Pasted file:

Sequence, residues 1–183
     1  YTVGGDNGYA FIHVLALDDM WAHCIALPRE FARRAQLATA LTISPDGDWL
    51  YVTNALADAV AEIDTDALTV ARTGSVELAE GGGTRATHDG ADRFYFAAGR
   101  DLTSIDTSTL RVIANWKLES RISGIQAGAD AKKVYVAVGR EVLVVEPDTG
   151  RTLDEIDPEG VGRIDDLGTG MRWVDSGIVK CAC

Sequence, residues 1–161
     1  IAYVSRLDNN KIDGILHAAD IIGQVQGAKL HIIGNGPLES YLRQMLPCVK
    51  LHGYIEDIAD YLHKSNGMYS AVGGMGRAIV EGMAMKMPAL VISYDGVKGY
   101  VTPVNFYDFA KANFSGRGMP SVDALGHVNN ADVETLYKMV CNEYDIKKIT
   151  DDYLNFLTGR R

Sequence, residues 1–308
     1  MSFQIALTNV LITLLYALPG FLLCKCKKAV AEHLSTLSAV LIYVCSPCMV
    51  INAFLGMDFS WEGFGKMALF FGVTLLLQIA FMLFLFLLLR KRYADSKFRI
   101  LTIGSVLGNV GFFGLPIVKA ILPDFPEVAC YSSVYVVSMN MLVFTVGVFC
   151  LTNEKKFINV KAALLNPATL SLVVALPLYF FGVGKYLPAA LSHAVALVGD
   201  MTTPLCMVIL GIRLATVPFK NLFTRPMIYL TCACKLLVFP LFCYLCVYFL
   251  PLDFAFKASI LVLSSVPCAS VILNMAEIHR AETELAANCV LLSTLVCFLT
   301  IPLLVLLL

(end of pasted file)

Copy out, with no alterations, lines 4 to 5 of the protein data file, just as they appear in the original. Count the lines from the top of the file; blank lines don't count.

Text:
   101  DLTSIDTSTL RVIANWKLES RISGIQAGAD AKKVYVAVGR EVLVVEPDTG
   151  RTLDEIDPEG VGRIDDLGTG MRWVDSGIVK CAC